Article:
Reflections of the first year as a Trainee

If I cast my mind back to this time 12 months ago, I was experiencing a huge mix of emotions. Getting ready to bid a sad farewell to the job I’d been at for over four years, where I’d grown from a LPC graduate with no practical experience to a more confident, more knowledgeable and more promising future solicitor. In the same breath, the anticipation of starting a Training Contract, which had always been marketed as the goal for law students, was incredibly exciting and filled me with many questions. What seats will I do? Will I like it? And the product of that never ending imposter syndrome, what if I’m not good enough?

I’m now almost halfway through my two-year training contract and what a year it’s been. People said it would go quickly but it really has flown by. It suddenly feels like the qualification I’ve always strived for, is finally (almost) in sight.

Somewhat unsurprisingly, it has been quite the learning curve but the unwavering support and guidance from Mike Hayward, our Training Principal, Jane Anderson, my mentor as well as Suzanna Stephenson and Helen Simpson, my supervisors, has shown me that we are all on this journey together and that the firm truly believe in your growth and want you to succeed as much as you do yourself.

My first seat was with the Commercial Property department based in our Milton Keynes office. Whilst still apprehensive about what it would entail, I did find some comfort in that I had some prior experience of commercial property transactions. My development over this seat was obvious, by the end I was able to manage my own caseload and was confident in the work I was doing for clients.

My second seat is in the Wills, Probate and Lifetime Planning department, also in our Milton Keynes office. This was something completely different to anything I’ve had experience of before. Coming from a commercial world, I was keen to do a seat involving ‘individuals’ and be exposed to a much more sensitive and emotive area of law. Again, I can recognise my own progression during this seat, both in terms of legal knowledge but also in my nature with clients and the skill of being their support whilst going through an understandably difficult period of their life. The way you approach commercial clients and individual clients are inevitably going to be different and this was something I have really learnt during this seat.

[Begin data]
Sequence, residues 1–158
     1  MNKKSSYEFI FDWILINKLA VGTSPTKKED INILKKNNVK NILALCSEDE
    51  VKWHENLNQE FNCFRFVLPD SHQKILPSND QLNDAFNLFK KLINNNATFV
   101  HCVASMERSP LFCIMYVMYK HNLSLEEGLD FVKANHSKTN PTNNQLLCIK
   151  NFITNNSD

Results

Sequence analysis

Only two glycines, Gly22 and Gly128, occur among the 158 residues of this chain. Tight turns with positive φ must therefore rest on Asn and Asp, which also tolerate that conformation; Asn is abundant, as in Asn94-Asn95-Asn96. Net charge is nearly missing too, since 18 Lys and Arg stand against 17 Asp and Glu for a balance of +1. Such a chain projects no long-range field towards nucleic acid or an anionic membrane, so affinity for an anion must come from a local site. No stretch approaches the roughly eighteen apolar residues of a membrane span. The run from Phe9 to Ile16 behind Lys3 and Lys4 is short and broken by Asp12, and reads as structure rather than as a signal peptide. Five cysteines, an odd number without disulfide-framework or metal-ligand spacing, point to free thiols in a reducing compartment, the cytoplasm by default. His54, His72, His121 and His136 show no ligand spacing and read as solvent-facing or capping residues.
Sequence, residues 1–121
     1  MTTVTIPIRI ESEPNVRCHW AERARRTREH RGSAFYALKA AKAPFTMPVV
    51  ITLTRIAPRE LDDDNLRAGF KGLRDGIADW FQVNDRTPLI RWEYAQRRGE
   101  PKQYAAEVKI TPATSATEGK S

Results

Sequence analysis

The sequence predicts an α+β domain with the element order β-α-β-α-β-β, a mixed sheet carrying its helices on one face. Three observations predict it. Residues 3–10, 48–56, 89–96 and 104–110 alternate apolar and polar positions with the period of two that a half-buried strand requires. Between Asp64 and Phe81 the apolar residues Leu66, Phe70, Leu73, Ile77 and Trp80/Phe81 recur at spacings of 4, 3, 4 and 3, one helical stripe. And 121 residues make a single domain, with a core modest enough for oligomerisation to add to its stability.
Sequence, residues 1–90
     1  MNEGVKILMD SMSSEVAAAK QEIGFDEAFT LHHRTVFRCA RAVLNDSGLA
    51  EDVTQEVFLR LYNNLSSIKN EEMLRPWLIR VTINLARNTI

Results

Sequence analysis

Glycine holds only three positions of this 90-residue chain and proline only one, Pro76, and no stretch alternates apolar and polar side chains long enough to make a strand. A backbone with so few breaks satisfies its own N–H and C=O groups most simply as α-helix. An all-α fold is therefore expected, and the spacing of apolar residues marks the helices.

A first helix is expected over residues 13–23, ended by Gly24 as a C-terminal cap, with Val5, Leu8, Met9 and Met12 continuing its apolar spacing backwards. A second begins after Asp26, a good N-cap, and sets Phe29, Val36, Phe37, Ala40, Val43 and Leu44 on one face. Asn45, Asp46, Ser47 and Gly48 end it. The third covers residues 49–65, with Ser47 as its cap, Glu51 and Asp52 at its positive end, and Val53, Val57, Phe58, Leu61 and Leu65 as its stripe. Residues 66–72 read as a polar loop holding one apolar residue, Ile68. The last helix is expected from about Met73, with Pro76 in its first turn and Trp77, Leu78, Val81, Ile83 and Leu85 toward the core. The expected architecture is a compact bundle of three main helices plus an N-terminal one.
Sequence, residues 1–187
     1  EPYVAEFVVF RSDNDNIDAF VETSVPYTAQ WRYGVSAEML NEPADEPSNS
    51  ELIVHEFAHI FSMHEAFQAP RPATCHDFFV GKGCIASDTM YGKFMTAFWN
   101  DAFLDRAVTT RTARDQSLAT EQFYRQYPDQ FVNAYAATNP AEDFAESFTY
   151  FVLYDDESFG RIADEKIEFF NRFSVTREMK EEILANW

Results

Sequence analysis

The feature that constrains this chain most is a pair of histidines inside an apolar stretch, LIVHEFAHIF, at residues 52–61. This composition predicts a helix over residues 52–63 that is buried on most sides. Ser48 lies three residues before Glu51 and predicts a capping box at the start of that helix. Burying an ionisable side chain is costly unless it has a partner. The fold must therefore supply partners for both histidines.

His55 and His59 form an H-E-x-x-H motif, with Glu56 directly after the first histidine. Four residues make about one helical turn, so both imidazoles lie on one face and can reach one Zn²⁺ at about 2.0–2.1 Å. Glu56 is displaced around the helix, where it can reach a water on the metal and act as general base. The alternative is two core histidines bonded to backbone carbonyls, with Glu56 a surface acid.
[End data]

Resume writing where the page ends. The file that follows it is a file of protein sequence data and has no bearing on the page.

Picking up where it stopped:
Having reflected on the last year, I have five key points for future trainees:

  1. Learn how to really utilise your case management system and to properly time record. Both concepts were entirely new to me when I started but are both now absolutely paramount in my day-to-day work. I really do wonder how we would cope without them!
  2. Ask questions. You will be surprised at how much time your colleagues and superiors are willing to invest in your development. Ask those questions, delve deeper into discussions and ideas. It’s all part of your growth and will undoubtedly broaden your knowledge and insight.
  3. Go beyond the task set. Trainees have a tendency to complete the task in front of them and consider it ‘job done’. Going that step further, being proactive as to the next steps, doing some additional reading into that particular legal point or finding a webinar to watch will really enhance your understanding and make you an all-round better lawyer.
  4. Training diaries. A previous trainee gave me a good tip when I joined, which I then passed on to the newest cohort of trainees, of blocking out 30 minutes in your diary at the end of the week to complete your training diary. It’s easy for these to slip when there are pressing deadlines for fee earning work, but you really will thank yourself when you don’t have weeks to catch up on at a time. This is a top tip I’m still trying to perfect myself!
  5. And finally, enjoy yourself! Make connections with your colleagues, throw yourself into the uncomfortable, get yourself known across the firm and attend those networking events. They all shape you into a better trainee and ultimately, a better solicitor.

I am excited to see where the final year of my training contract will take me and how much I will grow with another 12 months of guidance and support from colleagues!

Yazmin Elliott

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